MUS­INGS

Fashion (Canada) - - Musings - NOREEN FLANA­GAN, ED­I­TOR-IN-CHIEF FOL­LOW ME ON TWIT­TER AND IN­STA­GRAM @NOREEN_FLANAGAN OR SEND A NOTE TO LET­[email protected]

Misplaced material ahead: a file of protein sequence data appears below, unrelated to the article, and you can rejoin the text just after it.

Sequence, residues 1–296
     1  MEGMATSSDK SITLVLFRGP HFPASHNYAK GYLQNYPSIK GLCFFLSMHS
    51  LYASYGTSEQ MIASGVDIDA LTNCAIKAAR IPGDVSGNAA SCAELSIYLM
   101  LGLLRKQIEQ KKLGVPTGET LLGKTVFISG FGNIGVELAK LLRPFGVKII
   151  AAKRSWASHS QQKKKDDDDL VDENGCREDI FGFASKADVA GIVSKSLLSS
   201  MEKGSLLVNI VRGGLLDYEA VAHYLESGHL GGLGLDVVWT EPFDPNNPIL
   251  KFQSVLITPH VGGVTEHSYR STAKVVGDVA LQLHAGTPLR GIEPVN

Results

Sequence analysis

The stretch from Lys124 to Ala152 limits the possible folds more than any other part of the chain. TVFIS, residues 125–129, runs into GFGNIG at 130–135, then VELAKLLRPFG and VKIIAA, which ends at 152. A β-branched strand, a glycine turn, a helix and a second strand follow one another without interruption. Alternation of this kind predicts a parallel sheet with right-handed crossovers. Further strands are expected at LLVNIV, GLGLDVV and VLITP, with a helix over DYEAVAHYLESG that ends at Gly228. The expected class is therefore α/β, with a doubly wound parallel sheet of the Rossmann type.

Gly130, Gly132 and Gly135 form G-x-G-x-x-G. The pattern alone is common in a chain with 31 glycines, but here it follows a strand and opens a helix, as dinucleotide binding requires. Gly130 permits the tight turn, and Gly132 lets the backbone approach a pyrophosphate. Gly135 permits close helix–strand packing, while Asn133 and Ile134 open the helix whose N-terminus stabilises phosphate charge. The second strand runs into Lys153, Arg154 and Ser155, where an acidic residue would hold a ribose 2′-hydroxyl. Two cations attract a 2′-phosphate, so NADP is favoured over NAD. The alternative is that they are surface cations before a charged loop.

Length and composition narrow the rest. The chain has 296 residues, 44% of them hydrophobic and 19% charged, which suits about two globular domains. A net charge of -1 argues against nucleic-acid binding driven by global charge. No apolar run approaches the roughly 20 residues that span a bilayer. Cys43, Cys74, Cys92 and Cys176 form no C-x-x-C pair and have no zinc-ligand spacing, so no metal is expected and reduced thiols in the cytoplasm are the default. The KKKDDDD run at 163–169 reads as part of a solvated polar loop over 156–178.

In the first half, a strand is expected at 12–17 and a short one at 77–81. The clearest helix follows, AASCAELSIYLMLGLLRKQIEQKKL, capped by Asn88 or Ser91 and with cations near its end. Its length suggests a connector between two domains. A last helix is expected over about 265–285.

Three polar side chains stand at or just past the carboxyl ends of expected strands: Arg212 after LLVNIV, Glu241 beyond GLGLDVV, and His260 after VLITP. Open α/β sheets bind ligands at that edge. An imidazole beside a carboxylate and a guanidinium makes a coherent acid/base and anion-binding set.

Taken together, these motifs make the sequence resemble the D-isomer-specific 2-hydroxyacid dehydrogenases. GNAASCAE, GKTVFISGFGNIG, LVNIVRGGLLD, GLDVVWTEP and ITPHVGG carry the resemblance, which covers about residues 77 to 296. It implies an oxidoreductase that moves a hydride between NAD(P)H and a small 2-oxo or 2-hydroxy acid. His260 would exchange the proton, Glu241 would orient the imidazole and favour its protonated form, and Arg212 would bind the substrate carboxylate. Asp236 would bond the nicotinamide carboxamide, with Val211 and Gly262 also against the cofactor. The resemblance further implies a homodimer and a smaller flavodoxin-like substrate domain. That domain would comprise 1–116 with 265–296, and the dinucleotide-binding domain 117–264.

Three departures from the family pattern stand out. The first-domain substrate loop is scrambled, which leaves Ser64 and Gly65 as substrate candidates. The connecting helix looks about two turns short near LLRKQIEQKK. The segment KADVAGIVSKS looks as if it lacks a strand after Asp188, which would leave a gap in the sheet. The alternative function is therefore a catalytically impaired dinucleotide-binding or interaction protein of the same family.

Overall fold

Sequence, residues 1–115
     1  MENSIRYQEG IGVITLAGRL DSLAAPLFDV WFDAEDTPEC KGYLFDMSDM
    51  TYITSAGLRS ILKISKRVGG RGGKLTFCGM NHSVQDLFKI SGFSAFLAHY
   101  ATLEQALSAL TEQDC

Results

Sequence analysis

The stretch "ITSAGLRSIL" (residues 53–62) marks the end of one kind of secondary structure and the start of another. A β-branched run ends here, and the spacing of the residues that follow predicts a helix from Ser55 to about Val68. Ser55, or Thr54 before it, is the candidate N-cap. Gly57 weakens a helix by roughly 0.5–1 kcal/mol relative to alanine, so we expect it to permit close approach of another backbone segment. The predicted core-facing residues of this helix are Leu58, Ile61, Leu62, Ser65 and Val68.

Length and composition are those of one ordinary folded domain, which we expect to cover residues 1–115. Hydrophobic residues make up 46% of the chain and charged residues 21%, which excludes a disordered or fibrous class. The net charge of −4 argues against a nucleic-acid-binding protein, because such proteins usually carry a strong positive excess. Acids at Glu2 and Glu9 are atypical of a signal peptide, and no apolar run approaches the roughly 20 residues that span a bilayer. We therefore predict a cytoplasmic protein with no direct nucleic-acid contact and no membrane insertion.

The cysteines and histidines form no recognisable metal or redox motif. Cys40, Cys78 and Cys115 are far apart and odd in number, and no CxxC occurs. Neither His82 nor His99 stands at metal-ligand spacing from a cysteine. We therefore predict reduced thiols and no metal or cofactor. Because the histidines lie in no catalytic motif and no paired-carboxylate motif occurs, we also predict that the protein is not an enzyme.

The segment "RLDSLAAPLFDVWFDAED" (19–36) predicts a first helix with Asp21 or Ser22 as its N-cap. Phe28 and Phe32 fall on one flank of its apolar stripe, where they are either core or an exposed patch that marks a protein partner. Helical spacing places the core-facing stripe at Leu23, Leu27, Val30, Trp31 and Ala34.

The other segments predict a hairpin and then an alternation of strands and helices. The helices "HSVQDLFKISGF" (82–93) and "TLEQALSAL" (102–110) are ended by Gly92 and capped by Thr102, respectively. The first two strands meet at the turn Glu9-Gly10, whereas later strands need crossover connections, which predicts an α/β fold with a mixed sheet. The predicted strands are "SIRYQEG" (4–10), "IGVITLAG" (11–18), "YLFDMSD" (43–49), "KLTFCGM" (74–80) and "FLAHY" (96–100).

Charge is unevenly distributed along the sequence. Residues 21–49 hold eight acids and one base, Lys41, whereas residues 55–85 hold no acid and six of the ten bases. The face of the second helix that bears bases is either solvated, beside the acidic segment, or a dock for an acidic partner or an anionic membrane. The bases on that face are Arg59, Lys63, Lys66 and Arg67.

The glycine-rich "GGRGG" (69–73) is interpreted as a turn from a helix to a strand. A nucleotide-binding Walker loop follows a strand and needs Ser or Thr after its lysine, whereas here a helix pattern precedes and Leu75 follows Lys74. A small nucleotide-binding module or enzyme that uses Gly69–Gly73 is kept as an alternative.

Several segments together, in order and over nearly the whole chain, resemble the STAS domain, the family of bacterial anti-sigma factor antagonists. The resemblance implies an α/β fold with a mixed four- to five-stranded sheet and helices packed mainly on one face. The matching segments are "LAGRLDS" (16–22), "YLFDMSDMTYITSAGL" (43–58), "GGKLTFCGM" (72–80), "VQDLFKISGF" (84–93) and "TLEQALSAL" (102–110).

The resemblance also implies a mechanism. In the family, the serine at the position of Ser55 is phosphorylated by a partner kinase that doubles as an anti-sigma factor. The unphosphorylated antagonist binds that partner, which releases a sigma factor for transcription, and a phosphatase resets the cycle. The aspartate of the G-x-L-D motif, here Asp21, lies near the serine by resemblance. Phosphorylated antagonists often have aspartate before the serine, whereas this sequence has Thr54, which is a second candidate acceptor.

It’s not quite win­ter as I pen this note, but the chilly wind and fall­ing leaves sig­nal its im­mi­nent ar­rival. I’ve just fin­ished tak­ing down our bal­cony gar­den, which is al­ways bit­ter­sweet. I’m re­minded of warm nights, al­fresco din­ners with friends and lazy af­ter­noons spent read­ing in this quiet oa­sis. For the next six months, I’ll look out on this empty space and pine for sum­mer. This year, I ap­proached the task a lit­tle dif­fer­ently. In­stead of hastily stash­ing the wilted and dy­ing flow­ers and herbs into the gar­den waste bags, I took a mo­ment to savour the scent they left on my fin­gers. It’s that scent—es­pe­cially the basil—that will stay with me over the com­ing months. When I smell the store-bought ver­sion in De­cem­ber, it will re­mind me of the prom­ise of spring. I credit Olivier Polge, Chanel’s per­fumer, with in­spir­ing me to take no­tice of this sim­ple ol­fac­tory mo­ment. In Septem­ber, I met with Polge in the fields of Grasse in south­ern France where flow­ers are grown for their fra­grances. When I asked him about some of his favourite me­mories as­so­ci­ated with scent, he re­called a time 20 years ago when he was in south­ern Italy in a huge shed filled with berg­amot. “In my mind, I re­mem­ber that smell as if it were yes­ter­day,” he said, smil­ing. “Some­times [the scents you re­mem­ber are sim­ple], like when you put your hands on the leaves of a gera­nium.” While I was in Grasse, I also had a buck­etlist op­por­tu­nity to tour tuberose and jas­mine fields with Joseph Mul, the gra­ciously un­der­stated farmer whose fam­ily has worked the land for gen­er­a­tions. In 1987, Mul started grow­ing flow­ers that Chanel uses in its fra­grances. Read “Be­witched” (page 60) to dis­cover what bloom lingers most in his mind. Grow­ing flow­ers re­quires pa­tience and pas­sion, but the pay­off is a new crop each spring that is des­tined to live on in the fra­grances we then im­print with our own me­mories and dreams.

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